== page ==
Opening Day FAQ: Tigers vs. Rays

Detroit Tigers

ST. PETERSBURG — The Rays have reached the postseason each of the past four years, the longest streak in franchise history. But they’ve been knocked out in their first series in each of the past two years following a run to the World Series in 2020.

So Tampa Bay’s goal heading into Thursday afternoon’s Opening Day matchup against Detroit at Tropicana Field is simple.

“Our expectations are to make it a fifth, to make it more successful than last year,” president of baseball operations Erik Neander said at the outset of Spring Training. “Our goal remains to figure out a way to be the last team standing, and [we] think that is within reach. We’re ready to take another crack at making that happen this season.”

Meanwhile, the Tigers are coming off last year’s 96-loss campaign. But they have plenty of players with something to prove.

“We’re being sold short by a lot of people,” Matthew Boyd said. “A lot of people don’t believe in us. A lot of people don’t believe what we can do. That’s fine. They’re entitled to their opinion. We know where we stand, and let’s go show everybody else otherwise.”

The Tigers have not started a season strong in two years under manager A.J. Hinch. They lost 23 of their first 32 games last season and 24 of their first 33 the year before. Three of their first four series this year are on the road against the Rays, Astros and Blue Jays.

When is the game and how can I watch it?
First pitch is set for 3:10 p.m. ET Thursday, and the game can be watched live on MLB.TV. The Tigers’ telecast will be available in Michigan on Bally Sports Detroit. The radio broadcast will be available in English on 97.1 FM and in Spanish on 1270 AM.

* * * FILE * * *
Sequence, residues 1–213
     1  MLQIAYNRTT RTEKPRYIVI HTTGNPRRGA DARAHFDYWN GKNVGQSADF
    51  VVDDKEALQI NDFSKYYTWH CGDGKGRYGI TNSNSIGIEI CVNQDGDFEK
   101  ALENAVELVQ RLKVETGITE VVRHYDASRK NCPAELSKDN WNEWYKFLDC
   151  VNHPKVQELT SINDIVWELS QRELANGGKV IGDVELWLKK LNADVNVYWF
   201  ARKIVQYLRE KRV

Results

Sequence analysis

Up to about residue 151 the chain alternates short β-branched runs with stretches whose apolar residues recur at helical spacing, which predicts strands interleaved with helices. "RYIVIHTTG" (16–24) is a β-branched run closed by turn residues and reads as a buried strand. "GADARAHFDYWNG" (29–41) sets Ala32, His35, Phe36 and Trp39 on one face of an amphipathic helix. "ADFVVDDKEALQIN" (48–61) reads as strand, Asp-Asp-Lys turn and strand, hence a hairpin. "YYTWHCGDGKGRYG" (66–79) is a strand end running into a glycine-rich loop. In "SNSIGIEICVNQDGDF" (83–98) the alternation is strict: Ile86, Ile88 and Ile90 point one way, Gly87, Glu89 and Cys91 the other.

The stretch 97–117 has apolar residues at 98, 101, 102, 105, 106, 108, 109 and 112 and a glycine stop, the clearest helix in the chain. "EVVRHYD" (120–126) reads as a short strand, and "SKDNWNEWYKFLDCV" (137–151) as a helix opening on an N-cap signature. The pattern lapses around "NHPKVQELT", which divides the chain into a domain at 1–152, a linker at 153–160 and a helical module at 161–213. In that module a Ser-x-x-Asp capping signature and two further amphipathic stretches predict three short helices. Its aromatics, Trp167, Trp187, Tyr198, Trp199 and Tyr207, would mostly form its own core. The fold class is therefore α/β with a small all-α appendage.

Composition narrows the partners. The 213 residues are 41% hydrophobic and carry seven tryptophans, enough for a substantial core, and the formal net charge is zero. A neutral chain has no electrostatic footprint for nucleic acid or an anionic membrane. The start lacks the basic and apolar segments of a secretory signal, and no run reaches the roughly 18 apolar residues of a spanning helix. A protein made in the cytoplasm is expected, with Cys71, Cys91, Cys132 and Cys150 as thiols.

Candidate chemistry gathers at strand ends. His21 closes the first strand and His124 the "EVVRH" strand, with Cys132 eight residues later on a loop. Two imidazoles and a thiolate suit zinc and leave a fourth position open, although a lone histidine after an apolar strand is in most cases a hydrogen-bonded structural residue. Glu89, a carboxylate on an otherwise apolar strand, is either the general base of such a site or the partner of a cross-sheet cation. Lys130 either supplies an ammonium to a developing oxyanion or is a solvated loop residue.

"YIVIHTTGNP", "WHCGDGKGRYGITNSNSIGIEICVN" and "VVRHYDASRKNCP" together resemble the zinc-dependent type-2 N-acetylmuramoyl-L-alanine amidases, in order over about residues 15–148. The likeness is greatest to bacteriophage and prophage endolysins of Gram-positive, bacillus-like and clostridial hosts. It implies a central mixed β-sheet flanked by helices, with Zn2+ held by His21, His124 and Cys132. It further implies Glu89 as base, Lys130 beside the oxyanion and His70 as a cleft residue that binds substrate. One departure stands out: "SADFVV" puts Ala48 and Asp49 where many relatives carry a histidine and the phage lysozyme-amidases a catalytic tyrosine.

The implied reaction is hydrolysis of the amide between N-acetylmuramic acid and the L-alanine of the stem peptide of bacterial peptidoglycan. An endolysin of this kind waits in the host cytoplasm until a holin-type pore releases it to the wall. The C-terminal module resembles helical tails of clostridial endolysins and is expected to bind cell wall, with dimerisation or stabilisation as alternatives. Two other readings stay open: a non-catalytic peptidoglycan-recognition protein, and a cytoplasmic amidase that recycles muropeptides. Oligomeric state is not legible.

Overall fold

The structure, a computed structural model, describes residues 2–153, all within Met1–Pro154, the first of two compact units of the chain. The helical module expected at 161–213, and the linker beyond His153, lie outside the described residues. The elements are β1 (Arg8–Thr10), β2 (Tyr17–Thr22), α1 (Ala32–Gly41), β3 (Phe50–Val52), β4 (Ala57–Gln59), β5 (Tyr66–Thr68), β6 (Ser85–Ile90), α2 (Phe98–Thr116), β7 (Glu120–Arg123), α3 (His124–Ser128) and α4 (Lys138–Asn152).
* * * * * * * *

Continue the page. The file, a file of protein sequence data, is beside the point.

The Rays’ telecast will be available on Bally Sports Sun, which will have a special extended pregame show beginning at 2 p.m. ET. The radio broadcast can be heard on WDAE 95.3 FM/620 AM and the Rays Radio Network.

What are the likely lineups?
Tigers: Hinch loves using positional versatility to play matchups — not just lefty-righty, but success against pitch types. It’ll be interesting to see how he uses that against southpaw Shane McClanahan, who posted reverse splits last season. Left-handed-hitting Nick Maton, for instance, struggled against lefties in the Minors last year, but he crushes fastballs. Detroit also platoons in one outfield spot and will not have a set leadoff hitter.

Rays: Manager Kevin Cash has used 158 lineups each of the past two years, always looking to optimize performance and seeking advantageous matchups. In this case, assuming Wander Franco is healthy, Tampa Bay should be able to load the bottom of the lineup with right-handed hitters against Eduardo Rodriguez, with left-handed/switch-hitting options off the bench like Luke Raley, Josh Lowe, Taylor Walls and Francisco Mejía.

Who are the starting pitchers?
Tigers: Rodriguez will make his second consecutive Opening Day start for the Tigers. He’s 2-5 with a 5.59 ERA in 14 career starts against the Rays. Most of that experience comes from his time with the Red Sox before he joined Detroit as a free agent before last year. However, he allowed four hits and two walks in one-third of an inning at Tropicana Field last May 18 before leaving with a left rib cage sprain.

Rays: McClanahan will make his second consecutive Opening Day start for the Rays. He got off to a spectacular start last season, which earned him the starting nod for the American League in the All-Star Game, and he finished the year with a 2.54 ERA and 194 strikeouts in 166 1/3 innings over 28 starts. The lefty is motivated to be even better this season. And with a legitimate four-pitch mix led by a fastball that averaged 96.7 mph last year, McClanahan has the stuff to contend for the AL Cy Young Award.

How might the bullpens line up after the starter?